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Interest Rates, Inflation, and Bonds....Oh MY!

April 05, 2024

Interest Rates, Inflation, and Bonds... Oh MY!

How does the Federal Reserve Impact the Bond Market?

In the current year, the main topic around the markets is inflation and the current outlook on the Federal Reserve’s monetary policy, specifically associated with their decisions on interest rates. It is a common misconception that the Federal Reserve (the Fed) controls the interest rates for the whole bond market, but that is not the case. The Fed only controls one rate- the Federal Funds Rate. This is a short-term rate which banks use when lending each other money in order to satisfy their cash reserves. It is an important tool used by the government to influence the economy. As the rate increases, it gets more expensive for banks to borrow money, which is then passed on to consumers. With a higher cost of borrowing, the economy, in theory, slows down. Same is true, vis versa.

However, it is very important to understand that the Federal Reserve has an indirect impact on debt that trickles down from the banks to businesses and consumers alike. Therefore, not all debt will have a substantial reaction to the changes made by the Federal Reserve.  For example, mortgage rates are influenced by many other factors, other than just the Federal Funds Rate, such as the overall mortgage-backed investment market, consumer demand, gross domestic production, and inflation. Although all of these are interconnected, the factors can still vary and cause changes beyond what the Fed is doing. Therefore, mortgage rates won’t go down just because the Fed lowers their rates.

What is Happening to the Federal Funds Rates Today?

In April 2024, the current Federal Funds Rate is set at 5.25-5.50%, after multiple rate hikes throughout 2022 and 2023 due to the historical rise in inflation following the Covid-19 pandemic. These rates have remained steady for the past five Fed meetings, including the last meeting in March. Most analysts believe that the current rate is too high for the long term and rates will drop down. The most important question is when this will occur. There is some indication that rates might drop by fall 2024, others that say it won’t happen until closer to year end or into 2025. When this does occur, again, it doesn’t mean that rates will drop instantly or concurrently for all types of debts, but it will impact them all to a degree. So, what does this mean for investors? How can an investor prepare their portfolio for this market shift?

What Happens to Bonds when Interest Rates Fall?

Looking at existing bonds, there is an inverse relationship between interest rates and bond prices. Meaning, when rates fall, bond prices rise. This is because existing bonds will be able to earn more than new bonds. For example, a $100 bond with a 4% coupon could be traded at $105 in a market where a new bond only has a 3% coupon. But, again, not all bonds will have a significant change in interest rate or bond pricing based on what the Federal Reserve is doing. There are many factors to consider, such as callability, credit rating, bond type, and duration. Perhaps the most significant of these factors being duration.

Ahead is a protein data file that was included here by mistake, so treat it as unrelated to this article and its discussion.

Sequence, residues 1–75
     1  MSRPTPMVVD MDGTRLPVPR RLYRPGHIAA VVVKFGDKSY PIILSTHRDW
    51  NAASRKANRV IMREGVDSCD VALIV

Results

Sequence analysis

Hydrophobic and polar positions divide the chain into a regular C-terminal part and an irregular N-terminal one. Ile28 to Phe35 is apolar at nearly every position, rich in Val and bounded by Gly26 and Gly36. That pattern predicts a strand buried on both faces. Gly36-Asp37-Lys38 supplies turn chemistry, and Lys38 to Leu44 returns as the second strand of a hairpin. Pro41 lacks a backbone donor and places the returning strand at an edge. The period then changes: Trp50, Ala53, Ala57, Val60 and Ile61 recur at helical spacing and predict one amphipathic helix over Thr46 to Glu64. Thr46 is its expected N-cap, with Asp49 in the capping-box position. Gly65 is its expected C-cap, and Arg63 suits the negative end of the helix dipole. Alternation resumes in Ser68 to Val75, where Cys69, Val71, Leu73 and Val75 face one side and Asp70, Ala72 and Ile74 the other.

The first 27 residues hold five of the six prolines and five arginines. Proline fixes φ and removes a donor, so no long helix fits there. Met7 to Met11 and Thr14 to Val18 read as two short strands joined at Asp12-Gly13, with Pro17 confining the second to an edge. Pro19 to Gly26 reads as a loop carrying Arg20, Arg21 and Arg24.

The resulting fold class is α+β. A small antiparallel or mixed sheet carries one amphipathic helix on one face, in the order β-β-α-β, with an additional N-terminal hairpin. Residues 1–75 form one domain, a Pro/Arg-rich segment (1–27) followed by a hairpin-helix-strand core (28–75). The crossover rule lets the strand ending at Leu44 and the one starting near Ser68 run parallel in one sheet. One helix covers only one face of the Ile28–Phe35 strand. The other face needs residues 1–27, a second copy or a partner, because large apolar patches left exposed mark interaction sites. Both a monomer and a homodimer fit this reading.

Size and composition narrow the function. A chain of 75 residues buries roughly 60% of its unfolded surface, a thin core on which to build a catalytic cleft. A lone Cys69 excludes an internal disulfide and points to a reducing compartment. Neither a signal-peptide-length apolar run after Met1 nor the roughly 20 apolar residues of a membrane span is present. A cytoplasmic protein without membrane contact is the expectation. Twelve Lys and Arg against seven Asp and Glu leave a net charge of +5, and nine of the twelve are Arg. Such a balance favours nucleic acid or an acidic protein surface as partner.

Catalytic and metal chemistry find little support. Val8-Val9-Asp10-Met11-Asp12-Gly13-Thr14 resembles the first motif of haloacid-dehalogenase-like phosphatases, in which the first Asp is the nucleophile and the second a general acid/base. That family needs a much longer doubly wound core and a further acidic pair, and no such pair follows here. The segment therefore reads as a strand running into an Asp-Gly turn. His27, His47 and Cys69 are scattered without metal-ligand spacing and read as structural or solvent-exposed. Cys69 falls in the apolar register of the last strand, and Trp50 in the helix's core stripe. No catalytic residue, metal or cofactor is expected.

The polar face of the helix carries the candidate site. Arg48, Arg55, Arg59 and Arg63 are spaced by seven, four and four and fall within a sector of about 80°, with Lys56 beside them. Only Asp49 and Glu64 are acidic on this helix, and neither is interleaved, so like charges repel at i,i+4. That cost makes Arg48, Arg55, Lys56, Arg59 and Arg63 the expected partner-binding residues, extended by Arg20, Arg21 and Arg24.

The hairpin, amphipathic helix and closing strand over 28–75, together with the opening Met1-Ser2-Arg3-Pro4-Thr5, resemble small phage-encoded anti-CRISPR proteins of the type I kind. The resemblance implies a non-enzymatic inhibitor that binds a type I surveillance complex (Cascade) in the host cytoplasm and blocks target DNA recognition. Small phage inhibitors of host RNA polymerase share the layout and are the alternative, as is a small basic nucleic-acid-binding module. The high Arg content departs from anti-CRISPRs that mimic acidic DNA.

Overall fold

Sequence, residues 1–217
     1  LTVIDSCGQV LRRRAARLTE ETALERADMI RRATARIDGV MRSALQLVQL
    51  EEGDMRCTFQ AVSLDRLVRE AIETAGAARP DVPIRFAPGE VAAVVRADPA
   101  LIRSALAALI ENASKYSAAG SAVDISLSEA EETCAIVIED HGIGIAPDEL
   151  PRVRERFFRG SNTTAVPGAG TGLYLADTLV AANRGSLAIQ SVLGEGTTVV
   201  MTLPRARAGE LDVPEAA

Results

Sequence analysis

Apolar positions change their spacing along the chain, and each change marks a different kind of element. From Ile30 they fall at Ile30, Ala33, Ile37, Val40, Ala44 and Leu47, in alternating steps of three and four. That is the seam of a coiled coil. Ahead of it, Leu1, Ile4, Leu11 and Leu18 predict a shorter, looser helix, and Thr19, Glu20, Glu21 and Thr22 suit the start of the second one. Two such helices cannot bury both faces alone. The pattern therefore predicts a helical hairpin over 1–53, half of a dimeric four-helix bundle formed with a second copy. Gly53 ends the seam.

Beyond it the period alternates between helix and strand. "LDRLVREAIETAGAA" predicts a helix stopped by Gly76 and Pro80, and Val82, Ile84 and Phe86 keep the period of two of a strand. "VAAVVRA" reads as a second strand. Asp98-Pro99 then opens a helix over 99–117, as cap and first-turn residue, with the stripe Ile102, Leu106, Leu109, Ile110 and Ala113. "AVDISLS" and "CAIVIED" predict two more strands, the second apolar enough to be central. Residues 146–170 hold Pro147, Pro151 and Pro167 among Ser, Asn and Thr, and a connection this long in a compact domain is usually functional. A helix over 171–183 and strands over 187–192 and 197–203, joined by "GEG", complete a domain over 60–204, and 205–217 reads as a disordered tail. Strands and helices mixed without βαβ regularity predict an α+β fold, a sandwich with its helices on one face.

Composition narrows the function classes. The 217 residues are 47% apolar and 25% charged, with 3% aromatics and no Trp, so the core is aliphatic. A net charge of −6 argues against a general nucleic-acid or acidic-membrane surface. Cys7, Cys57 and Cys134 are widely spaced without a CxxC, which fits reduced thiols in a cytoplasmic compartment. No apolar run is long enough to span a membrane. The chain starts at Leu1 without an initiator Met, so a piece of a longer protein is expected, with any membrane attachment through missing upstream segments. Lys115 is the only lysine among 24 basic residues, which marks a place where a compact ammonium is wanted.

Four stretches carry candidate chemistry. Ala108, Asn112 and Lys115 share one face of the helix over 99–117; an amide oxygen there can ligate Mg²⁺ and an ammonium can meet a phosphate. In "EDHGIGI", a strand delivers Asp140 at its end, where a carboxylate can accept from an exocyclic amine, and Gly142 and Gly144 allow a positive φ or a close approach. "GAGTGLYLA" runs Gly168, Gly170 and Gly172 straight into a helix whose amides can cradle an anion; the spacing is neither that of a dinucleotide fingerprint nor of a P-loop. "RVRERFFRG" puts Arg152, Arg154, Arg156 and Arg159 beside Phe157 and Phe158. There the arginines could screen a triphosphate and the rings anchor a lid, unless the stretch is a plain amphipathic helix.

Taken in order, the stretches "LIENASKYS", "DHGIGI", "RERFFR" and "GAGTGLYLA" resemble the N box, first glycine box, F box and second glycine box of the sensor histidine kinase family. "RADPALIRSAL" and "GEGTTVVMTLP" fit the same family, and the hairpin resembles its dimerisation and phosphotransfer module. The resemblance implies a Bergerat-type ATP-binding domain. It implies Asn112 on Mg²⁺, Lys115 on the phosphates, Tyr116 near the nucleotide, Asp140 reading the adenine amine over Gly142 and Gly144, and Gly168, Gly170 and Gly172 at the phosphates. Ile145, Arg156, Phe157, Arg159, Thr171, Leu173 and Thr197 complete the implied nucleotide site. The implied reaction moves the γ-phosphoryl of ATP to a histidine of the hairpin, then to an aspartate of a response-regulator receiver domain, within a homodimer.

Duration measures how long it takes, in years, for an investor to be repaid a bond’s price by the bond’s total cash flows. Both maturity and the coupon rate influence this measurement. Additionally, the duration of the bond increases its sensitivity to interest rate changes. The higher the duration of the bond, the more sensitive it is to changes made, because usually that bond is locked in for a longer period of time. Generally, bonds with long maturities and/or low coupons have the longest durations. Therefore, these bonds will rise the most when interest rates fall. At the same time, it is important to note that if rates decrease or remain steady for longer than anticipated, these bonds will lose more than other bonds. As such, it is important to still maintain diverse holdings to protect bond assets from that risk.

Additionally, duration is just one of the many factors that impact bond sensitivity. Investors have to look at all aspects of the bond that will impact how quickly and how much a bond price might move when interest rates are inevitably lowered. It is important to consult a financial expert to fully understand the risk and impact on your own personal portfolio. Please, reach out to afanning@g5financialgroup.com for a full analysis and help to determine what fixed assets fit into your portfolio.

 

Sources:
Duration Definition and Its Use in Fixed Income Investing (investopedia.com)
The Most Important Factors Affecting Mortgage Rates (investopedia.com)
Federal funds rate: Current rate and historical changes | CNN Underscored Money